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The Wild Vine

This book pushes a number of my buttons. History, Wine, Intrigue, and most of all - the button that gets me started on a rant about how underappreciated Missouri is.


Wild%20Vine.jpg


In The Wild Vine, Todd Kliman has focused his skills as a researcher and writer on the Norton grape. And, since he couldn’t write about Norton without dedicating a considerable amount of the book to Missouri, I’m a happy reader.

First, for those who like to know the credentials of a writer -- who is Todd Kliman? He’s the food and wine editor and restaurant critic for The Washingtonian and a James Beard Foundation Award winner for his writing. He’s a regular contributor to The New Yorker, Harpers, Men’s Health, National Geographic Traveler, The Washington Post Magazine, and NPR.org. He’s a literature professor at American University and Howard University.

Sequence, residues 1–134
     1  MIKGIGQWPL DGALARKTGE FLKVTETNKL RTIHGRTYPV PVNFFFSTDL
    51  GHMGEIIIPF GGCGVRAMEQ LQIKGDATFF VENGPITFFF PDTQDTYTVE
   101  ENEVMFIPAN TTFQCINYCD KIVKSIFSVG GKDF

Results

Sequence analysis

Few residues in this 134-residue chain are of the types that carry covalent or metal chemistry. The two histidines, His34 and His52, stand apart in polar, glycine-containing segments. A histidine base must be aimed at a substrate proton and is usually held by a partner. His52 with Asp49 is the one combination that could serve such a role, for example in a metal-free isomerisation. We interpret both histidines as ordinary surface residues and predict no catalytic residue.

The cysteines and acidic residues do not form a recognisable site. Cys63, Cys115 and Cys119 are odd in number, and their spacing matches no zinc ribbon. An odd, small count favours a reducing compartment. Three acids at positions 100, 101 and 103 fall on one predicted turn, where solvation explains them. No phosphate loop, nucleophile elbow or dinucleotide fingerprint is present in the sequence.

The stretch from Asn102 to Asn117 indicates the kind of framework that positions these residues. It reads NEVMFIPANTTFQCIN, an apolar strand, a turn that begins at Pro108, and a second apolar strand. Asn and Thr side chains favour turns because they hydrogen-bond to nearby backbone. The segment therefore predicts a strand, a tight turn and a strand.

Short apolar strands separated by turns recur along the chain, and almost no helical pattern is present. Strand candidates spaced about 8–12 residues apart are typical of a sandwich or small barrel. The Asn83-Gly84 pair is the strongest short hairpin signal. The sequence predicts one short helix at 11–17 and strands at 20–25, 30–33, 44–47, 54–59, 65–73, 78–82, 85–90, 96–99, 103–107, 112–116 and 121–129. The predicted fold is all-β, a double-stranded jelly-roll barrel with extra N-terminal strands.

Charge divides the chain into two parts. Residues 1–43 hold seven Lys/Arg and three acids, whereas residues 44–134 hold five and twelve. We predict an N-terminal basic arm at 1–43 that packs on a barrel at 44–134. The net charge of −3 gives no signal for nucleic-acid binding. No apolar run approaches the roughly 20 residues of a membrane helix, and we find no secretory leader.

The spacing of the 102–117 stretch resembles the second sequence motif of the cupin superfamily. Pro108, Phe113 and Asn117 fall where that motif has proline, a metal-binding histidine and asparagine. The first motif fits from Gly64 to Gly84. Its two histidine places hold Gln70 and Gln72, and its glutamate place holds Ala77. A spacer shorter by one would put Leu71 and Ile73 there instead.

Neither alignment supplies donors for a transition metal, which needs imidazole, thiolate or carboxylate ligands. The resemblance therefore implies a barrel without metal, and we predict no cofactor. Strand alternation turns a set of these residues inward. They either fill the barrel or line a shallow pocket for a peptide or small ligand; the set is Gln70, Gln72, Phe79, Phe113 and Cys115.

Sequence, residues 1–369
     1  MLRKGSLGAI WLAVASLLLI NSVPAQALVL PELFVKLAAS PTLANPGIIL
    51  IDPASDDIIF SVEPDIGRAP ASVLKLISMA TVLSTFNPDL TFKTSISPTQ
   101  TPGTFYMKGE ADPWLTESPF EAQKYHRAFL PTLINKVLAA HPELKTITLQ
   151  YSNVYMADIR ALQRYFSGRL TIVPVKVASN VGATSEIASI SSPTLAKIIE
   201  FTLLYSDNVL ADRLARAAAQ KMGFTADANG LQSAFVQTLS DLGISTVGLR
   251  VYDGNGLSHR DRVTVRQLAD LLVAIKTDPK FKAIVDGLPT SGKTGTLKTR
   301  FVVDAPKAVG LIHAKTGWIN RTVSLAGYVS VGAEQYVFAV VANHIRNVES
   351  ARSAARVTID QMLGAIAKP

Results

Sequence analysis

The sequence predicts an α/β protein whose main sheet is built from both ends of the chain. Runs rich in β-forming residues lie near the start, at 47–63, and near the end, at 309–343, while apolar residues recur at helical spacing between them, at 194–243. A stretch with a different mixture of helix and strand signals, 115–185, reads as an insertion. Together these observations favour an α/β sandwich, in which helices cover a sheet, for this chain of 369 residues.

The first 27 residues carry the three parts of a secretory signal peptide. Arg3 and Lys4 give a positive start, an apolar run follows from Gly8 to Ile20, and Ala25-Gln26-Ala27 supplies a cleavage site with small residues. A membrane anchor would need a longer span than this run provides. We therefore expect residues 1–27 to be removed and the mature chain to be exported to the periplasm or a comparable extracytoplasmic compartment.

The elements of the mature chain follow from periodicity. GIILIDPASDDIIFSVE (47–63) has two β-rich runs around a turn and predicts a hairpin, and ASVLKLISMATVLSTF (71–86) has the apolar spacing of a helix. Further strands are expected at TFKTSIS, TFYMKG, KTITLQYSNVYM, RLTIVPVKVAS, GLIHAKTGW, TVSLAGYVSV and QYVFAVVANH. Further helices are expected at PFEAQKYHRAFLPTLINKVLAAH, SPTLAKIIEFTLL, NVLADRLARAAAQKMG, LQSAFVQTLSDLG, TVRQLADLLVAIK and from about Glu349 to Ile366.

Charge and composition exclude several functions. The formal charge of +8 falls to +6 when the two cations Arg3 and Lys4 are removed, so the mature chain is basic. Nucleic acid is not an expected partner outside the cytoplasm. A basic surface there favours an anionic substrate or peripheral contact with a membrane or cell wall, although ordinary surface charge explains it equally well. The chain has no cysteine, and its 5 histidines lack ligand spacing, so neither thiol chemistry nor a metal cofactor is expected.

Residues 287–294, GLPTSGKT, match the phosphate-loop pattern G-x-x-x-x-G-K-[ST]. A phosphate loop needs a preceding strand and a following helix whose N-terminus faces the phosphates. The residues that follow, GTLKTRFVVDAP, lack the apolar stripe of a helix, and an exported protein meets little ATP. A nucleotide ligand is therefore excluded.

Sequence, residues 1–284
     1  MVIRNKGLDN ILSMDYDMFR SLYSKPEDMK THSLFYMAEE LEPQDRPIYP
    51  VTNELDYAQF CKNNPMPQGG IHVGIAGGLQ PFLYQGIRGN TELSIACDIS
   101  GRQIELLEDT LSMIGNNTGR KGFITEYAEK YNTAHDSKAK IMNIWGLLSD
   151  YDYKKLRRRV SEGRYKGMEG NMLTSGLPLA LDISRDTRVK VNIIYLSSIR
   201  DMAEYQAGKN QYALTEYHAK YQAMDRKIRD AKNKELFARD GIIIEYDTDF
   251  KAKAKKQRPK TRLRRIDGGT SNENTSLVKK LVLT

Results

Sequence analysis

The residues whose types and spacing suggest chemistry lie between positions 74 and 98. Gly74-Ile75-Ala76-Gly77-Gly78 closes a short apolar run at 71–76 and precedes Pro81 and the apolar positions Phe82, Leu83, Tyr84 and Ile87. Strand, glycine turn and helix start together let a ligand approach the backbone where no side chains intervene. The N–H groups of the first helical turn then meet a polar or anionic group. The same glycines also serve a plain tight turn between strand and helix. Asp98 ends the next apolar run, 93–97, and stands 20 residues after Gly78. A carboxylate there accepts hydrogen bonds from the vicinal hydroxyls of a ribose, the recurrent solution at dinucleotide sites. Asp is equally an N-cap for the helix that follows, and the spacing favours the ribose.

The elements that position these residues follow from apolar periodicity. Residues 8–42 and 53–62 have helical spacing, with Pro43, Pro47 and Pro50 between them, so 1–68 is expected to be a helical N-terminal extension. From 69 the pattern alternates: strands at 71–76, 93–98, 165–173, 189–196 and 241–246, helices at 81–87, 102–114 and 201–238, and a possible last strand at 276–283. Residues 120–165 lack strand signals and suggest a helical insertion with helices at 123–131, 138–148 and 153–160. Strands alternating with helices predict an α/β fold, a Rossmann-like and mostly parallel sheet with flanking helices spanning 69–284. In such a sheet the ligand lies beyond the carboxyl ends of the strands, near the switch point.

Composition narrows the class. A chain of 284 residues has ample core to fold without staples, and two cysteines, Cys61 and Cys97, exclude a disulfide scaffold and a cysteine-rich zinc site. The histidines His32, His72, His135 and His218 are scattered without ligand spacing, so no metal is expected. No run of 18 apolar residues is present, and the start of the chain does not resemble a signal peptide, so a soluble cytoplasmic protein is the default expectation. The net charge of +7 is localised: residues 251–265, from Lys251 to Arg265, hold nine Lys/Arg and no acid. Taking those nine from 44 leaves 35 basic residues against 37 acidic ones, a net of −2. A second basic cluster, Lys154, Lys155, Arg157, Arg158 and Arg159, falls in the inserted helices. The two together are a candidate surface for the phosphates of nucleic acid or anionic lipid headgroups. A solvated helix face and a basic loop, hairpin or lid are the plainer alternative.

Questions Todd answers in this book:

What’s so great about Norton?
How do a bunch of Germans in the immigrant settlement of Hermann, Missouri save it from obscurity?
Who was Henry Vizetelly, and how did he bring Norton to the world’s attention?
How did Norton save the wine industry in France?
How did Norton survive prohibition?
Who is Jenni McCloud, and why do I want to be her new best friend?

The book will be out in May. It’s my Foodies Book Group’s June selection. Here is what the actual cover will look like. (I personally like th ARC cover better)


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Now, I have to go pour myself a glass of Norton and re-read The Wild Vine.

Comments (1)

TNWT:

Today there are 235 Norton wineries in 23 states. Enjoy the book, The Wild Vine, and appreciate a good bottle of Norton wine that is four or more years old that has been left to breathe no less than 40 minutes before partaking.

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